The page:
State Farm Fire and Cas. Co. v. Midgett

Annotate this Case

892 S.W.2d 469 (1995)

319 Ark. 435

STATE FARM FIRE AND CASUALTY COMPANY, Appellant, v. Billy C. MIDGETT, Appellee.

No. 94-800.

Supreme Court of Arkansas.

February 13, 1995.

*470 Robert L. Coleman, Blytheville, for appellant.

Preston G. Hicky, Forrest City, for appellee.

NEWBERN, Justice.

Billy C. Midgett, the appellee, was awarded damages, a statutory penalty, and attorney's fee against State Farm Insurance Company (State Farm), the appellant. The claim arose from an accident in which Mr. Midgett's tractor and sprayer attachment, which operated from the tractor's power take-off, were damaged in a collision with another vehicle. State Farm contends the evidence was insufficient to support the verdict and, in the alternative, that its motion for a new trial should have been granted due to trial errors. While we cannot say the evidence was insufficient to support the verdict, we must reverse the judgment and remand the case because the jury was given an instruction on ambiguity in the insurance policy which we deem to have been prejudicial to State Farm because there was no evidence of any ambiguity.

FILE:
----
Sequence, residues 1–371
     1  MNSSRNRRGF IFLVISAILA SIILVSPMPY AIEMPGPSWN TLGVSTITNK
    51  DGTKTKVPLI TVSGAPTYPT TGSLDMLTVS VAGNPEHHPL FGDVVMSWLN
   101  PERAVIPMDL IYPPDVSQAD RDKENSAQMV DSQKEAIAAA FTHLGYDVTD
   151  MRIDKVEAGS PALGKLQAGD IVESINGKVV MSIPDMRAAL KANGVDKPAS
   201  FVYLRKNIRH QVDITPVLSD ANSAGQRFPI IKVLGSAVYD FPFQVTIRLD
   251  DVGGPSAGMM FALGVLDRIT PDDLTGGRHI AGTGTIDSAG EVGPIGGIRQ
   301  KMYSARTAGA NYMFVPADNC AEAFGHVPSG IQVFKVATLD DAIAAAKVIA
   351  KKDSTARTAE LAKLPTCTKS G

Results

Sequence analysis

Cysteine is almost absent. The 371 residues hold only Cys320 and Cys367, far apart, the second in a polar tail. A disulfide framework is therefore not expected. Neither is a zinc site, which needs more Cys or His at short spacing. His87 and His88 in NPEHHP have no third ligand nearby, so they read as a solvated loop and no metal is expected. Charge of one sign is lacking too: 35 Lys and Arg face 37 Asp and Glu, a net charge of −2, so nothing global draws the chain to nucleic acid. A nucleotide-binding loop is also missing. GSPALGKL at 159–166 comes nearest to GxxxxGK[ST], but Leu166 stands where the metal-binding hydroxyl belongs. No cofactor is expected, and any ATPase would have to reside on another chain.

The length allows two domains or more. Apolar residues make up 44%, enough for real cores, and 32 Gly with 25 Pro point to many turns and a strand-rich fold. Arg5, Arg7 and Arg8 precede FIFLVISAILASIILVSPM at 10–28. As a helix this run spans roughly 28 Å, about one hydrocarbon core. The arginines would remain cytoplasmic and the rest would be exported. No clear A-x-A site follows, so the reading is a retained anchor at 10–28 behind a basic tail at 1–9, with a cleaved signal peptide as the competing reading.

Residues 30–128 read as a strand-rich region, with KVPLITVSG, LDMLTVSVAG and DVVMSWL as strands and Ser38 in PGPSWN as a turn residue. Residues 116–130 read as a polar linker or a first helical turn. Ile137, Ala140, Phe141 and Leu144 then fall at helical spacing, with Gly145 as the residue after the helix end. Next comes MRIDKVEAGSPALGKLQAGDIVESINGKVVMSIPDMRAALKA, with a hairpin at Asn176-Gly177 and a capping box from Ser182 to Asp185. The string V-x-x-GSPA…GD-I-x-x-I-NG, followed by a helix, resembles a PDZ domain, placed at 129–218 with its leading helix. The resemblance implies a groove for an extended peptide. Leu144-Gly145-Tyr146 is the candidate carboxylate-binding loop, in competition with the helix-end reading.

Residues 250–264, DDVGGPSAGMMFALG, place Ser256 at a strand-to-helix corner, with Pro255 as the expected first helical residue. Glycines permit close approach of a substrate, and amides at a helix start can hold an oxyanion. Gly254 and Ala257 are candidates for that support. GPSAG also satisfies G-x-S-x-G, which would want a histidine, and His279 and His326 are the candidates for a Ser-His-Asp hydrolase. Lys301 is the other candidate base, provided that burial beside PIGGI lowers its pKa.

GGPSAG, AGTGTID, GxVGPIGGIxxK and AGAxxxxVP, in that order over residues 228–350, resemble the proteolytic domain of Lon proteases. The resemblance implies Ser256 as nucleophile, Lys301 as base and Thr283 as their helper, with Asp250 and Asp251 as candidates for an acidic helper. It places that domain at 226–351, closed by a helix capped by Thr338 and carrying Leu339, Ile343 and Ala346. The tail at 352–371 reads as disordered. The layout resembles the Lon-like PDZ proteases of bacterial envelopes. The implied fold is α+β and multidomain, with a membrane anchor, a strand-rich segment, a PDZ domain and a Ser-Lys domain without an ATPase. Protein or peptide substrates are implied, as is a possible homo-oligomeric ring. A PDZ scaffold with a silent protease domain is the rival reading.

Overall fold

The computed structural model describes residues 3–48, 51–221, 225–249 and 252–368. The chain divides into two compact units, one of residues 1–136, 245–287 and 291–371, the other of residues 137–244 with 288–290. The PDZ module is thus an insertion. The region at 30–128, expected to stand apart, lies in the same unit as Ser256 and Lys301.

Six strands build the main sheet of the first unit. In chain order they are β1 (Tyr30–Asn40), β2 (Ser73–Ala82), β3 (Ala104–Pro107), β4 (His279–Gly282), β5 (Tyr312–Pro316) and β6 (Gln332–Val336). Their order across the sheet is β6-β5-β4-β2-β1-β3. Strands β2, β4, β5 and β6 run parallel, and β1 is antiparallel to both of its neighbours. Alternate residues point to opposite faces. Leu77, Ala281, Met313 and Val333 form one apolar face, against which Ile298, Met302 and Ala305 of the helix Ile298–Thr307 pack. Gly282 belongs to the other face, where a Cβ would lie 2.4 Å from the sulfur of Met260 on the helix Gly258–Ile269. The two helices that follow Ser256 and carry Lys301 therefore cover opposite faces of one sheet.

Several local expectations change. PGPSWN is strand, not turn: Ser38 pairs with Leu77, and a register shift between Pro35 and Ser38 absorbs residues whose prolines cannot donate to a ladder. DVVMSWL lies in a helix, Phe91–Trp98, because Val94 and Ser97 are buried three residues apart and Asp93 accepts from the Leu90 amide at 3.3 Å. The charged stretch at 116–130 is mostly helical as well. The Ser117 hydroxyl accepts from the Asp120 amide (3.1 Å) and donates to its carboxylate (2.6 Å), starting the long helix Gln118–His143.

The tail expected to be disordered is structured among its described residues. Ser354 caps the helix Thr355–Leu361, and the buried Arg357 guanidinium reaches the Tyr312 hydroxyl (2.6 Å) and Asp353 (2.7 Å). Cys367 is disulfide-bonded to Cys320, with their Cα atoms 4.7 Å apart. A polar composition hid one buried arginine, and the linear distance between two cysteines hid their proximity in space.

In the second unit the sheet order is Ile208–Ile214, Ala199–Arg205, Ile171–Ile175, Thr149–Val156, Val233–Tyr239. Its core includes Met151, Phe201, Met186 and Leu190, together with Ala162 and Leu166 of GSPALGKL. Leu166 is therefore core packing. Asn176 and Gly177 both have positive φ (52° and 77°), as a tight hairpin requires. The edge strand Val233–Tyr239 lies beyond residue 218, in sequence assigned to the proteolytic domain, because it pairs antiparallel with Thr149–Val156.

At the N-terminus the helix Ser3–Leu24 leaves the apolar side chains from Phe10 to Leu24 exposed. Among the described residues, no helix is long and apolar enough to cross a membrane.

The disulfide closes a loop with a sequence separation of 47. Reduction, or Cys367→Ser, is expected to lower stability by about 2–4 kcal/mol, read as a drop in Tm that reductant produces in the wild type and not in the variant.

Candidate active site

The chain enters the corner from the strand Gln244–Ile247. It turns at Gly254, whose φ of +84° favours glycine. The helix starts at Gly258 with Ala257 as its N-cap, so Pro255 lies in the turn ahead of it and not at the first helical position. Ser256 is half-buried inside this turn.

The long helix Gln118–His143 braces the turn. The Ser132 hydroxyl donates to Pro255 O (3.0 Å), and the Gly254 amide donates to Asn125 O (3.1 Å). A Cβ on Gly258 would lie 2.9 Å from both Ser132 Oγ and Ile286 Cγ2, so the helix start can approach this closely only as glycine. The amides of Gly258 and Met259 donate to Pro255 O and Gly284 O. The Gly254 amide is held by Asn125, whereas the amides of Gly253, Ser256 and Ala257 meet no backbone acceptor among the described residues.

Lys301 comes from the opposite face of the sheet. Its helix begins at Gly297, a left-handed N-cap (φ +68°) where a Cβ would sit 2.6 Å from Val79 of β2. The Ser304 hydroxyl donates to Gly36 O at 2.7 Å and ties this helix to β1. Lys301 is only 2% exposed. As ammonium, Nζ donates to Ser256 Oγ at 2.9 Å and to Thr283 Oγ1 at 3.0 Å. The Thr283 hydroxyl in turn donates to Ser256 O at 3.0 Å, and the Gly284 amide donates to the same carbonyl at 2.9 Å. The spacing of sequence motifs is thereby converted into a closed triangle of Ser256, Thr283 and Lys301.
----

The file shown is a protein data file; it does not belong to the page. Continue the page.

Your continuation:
Mr. Midgett asserted the damages to his tractor were covered by his homeowner's policy. The policy provided coverage of Mr. Midgett's personal property with a $500 deductible clause. The policy also declared that, with respect to property used or intended to be used in a business, coverage was limited to $250 when the property was away from the residence premises. The tractor was being driven on a highway when the collision occurred. State Farm concluded, based on statements made by Mr. Midgett shortly after the accident, that the tractor was being used in a business. It thus paid only $250 on Mr. Midgett's claim for over $6,000.

A separate declaration in the policy provided coverage was included for a motor propelled vehicle not licensed for use on public highways "used solely to service the insured location."

The definitions section of the policy included the following:

* * * * * * 2. "business" means a trade, profession or occupation. This includes farming. 5. "insured location" means: a. the residence premises; b. the part of any other premises, other structures and grounds used by you as a residence. This includes premises, structures and grounds you acquire while this policy is in effect for your use as a residence; c. any premises used by you in connection with the premises included in 5.a. or 5.6; *471 d. any part of a premises not owned by an insured but where an insured is temporarily residing; e. vacant land owned by or rented to an insured. This does not include farm land. * * * * * * 1. Sufficiency of the evidence